Community Management

Do's & Don'ts of Your First Month as Head of Community

March 24, 2022

Let’s set the scene…You were recently hired to lead community efforts at a reputable company. You’re psyched! You’re ready! It’s your first day, and you’ve been waiting a long time for this opportunity. You’re all set to strut your way into this new role and show them what you’re made of. 

Before you unleash your community-godlike-powers, you’ll want to heed some simple do’s and don’ts about your job. And while we are calling these “simple,” it doesn’t mean that they’re easy, so take note and make sure you’re prepared. 

The Do’s

✅ Get ready to LISTEN.

Much of your first few months on the job will be a period of listening and assessing. If you’ve got big ideas to contribute, don’t worry, you’ll get that chance, but first, see what others are saying. Then, you’ll have a better sense of how your big ideas could fit in to the broader picture. 

✅  Set up your internal stakeholder meetings.

Use this time to not only introduce yourself but to also find out the biggest challenges these stakeholders are facing (this is sometimes referred to as a “roadshow”). You’ll want to take these challenges into consideration as you’re formulating your plan for the community. Think: How could the community help these stakeholders and what they’re working to accomplish?

✅  If the company already has a community, arrange meetings with a variety of community members.

Sure, you should meet with the VIPs, but why not also speak with people at different points in their community journey? Select someone who’s not a VIP but has been active for the last few months. Select another person who’s brand new to the community. And if the company does not yet have a community, use this opportunity to meet with customers to ask about their experience and challenges working with your brand. 

✅  Create an account and introduce yourself to the community!

In fact, you could even hold an event and invite people to join you for virtual coffee and some light conversation to get to know one another. In addition, spend time browsing the community. Look at the most popular posts and at the individual conversations. Get a feel for what people are talking about.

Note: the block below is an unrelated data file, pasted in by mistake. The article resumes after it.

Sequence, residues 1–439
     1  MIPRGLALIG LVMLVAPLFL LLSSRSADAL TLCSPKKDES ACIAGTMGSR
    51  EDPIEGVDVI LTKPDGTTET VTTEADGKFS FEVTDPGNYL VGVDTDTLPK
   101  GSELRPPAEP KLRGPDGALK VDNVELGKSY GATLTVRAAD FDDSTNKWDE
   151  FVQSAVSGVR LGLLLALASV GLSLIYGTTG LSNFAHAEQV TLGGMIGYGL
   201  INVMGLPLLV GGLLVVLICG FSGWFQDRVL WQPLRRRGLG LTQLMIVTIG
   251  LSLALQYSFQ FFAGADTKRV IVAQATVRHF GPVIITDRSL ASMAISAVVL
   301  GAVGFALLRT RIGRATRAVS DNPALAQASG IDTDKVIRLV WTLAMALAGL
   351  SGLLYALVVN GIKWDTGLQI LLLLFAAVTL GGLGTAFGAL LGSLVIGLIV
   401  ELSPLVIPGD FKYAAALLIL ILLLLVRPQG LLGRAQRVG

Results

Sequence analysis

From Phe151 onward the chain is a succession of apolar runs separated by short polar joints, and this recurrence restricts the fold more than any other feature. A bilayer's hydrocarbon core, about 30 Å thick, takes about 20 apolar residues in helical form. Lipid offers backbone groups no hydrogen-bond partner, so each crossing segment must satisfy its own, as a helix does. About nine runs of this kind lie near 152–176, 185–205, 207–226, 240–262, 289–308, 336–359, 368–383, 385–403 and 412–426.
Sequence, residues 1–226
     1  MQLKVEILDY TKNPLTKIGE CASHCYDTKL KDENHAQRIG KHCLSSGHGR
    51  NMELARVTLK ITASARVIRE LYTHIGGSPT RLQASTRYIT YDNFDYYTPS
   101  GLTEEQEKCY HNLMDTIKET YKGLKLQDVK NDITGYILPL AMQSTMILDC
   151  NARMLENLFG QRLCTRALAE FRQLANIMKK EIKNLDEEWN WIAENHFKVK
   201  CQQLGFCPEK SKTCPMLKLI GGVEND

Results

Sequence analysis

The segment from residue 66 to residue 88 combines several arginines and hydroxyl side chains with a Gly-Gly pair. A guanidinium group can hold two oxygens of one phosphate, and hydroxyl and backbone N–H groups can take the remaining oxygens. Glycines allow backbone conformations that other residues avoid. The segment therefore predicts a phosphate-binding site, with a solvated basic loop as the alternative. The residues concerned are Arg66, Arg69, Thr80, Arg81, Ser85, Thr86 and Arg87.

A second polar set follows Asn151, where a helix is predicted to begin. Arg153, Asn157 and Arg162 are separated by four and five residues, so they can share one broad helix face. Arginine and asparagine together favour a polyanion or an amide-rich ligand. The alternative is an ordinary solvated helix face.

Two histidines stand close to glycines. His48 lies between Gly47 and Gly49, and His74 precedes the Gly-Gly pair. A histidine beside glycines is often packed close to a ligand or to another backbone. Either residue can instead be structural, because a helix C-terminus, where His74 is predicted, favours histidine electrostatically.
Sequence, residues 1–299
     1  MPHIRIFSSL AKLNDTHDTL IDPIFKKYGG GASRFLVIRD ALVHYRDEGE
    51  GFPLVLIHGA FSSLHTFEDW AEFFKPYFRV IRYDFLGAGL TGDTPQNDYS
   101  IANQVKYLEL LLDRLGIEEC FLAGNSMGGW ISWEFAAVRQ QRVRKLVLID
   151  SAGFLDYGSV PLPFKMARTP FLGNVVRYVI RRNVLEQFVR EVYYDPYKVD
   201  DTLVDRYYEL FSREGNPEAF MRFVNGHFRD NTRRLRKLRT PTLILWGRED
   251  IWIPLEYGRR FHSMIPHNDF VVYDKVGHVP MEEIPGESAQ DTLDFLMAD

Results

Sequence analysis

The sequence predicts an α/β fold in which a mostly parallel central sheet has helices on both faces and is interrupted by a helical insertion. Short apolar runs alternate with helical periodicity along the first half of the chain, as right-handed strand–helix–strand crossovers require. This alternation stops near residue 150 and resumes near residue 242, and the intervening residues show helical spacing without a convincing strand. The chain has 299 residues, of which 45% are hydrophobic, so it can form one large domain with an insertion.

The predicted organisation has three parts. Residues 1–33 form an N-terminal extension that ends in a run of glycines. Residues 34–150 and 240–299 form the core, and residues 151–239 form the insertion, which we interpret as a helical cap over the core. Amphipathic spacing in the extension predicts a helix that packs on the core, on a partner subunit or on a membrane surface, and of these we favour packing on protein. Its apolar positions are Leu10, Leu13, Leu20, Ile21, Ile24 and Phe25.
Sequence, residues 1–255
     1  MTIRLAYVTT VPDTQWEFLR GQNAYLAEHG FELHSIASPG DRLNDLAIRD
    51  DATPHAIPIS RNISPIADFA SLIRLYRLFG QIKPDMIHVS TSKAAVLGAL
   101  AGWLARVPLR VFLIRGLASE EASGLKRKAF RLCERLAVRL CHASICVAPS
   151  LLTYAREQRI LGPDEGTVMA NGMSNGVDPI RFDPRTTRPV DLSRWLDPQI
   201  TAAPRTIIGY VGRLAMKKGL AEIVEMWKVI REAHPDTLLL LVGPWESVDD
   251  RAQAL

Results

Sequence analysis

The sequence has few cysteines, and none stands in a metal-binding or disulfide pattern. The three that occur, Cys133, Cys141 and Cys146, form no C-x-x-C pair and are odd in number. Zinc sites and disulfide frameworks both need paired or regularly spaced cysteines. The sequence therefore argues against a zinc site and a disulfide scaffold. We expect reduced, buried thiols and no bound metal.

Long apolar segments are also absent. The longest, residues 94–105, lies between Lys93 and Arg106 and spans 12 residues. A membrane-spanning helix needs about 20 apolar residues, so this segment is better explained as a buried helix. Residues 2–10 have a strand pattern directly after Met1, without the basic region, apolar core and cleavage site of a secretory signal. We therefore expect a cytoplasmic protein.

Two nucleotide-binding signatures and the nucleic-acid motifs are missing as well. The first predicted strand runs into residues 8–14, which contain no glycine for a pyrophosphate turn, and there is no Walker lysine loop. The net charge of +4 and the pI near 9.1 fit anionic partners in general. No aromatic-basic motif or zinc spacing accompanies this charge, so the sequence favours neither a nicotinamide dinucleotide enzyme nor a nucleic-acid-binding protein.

✅  Review any community or customer surveys from within the last year.

Take note of specific themes that are frequently mentioned. 

✅  Review community analytics from the last 1-2 years, noting spikes, dips, and trends.

If there is no community yet, ask for social media and website analytics (anything that will help you better understand customer behavior). 

The Don’ts

❌  Complain.

Remember, you’re in a period of listening and assessing. Even if you discover something worthy of complaining about, park it for now and make reference to it as an Area of Improvement when you’re ready to present your plan for moving forward with the community. (Note: If you discover any instances of injustices, abuse, or harm, disregard this advice and bring up these issues IMMEDIATELY.) 

❌  Be a know-it-all.

As you are getting to know your new colleagues, approach each meeting and communication from a place of learning. You’re new, and though you have a lot to contribute, this is not the time to ride in on a high horse and claim that the community will solve everything. 

❌  Set unrealistic targets.

Eventually, you’ll be asked to benchmark certain community metrics. Try to factor in as much historical data as you can, and then set your goals based off of what you feel confident you can achieve. 

❌  Make assumptions.

If you’re unclear on some data, feedback, processes, or anything really, do what you need to do in order to get clarity and confirmation. You don’t want to move forward with your community plan based on assumptions. 

Well, what are you waiting for? Go on and step into your new role knowing exactly what you should and shouldn’t be focused on! Community kick-ass-ery awaits you!

Jenny Weigle is the Chief Community Officer and Strategic Consultant of Jenny.Community, specializing in building customer communities for enterprise brands. Jenny is an Advisor for Talkbase, and she lives in Los Angeles.

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